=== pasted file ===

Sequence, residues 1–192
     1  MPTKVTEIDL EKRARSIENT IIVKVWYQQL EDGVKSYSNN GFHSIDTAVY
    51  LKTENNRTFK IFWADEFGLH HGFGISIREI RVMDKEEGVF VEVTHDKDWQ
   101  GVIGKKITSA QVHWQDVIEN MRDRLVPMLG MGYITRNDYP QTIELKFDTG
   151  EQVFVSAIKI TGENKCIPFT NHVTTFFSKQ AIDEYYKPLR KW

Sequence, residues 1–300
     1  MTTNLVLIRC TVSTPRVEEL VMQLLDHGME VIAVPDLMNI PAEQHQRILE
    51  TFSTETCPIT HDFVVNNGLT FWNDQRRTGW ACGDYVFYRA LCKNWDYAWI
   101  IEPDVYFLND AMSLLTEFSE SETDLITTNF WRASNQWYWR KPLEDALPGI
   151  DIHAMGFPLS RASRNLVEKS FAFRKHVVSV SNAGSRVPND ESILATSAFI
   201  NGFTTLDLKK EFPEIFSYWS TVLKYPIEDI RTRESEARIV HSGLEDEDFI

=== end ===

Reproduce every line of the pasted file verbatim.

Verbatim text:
Sequence, residues 1–192
     1  MPTKVTEIDL EKRARSIENT IIVKVWYQQL EDGVKSYSNN GFHSIDTAVY
    51  LKTENNRTFK IFWADEFGLH HGFGISIREI RVMDKEEGVF VEVTHDKDWQ
   101  GVIGKKITSA QVHWQDVIEN MRDRLVPMLG MGYITRNDYP QTIELKFDTG
   151  EQVFVSAIKI TGENKCIPFT NHVTTFFSKQ AIDEYYKPLR KW

Sequence, residues 1–300
     1  MTTNLVLIRC TVSTPRVEEL VMQLLDHGME VIAVPDLMNI PAEQHQRILE
    51  TFSTETCPIT HDFVVNNGLT FWNDQRRTGW ACGDYVFYRA LCKNWDYAWI
   101  IEPDVYFLND AMSLLTEFSE SETDLITTNF WRASNQWYWR KPLEDALPGI
   151  DIHAMGFPLS RASRNLVEKS FAFRKHVVSV SNAGSRVPND ESILATSAFI
   201  NGFTTLDLKK EFPEIFSYWS TVLKYPIEDI RTRESEARIV HSGLEDEDFI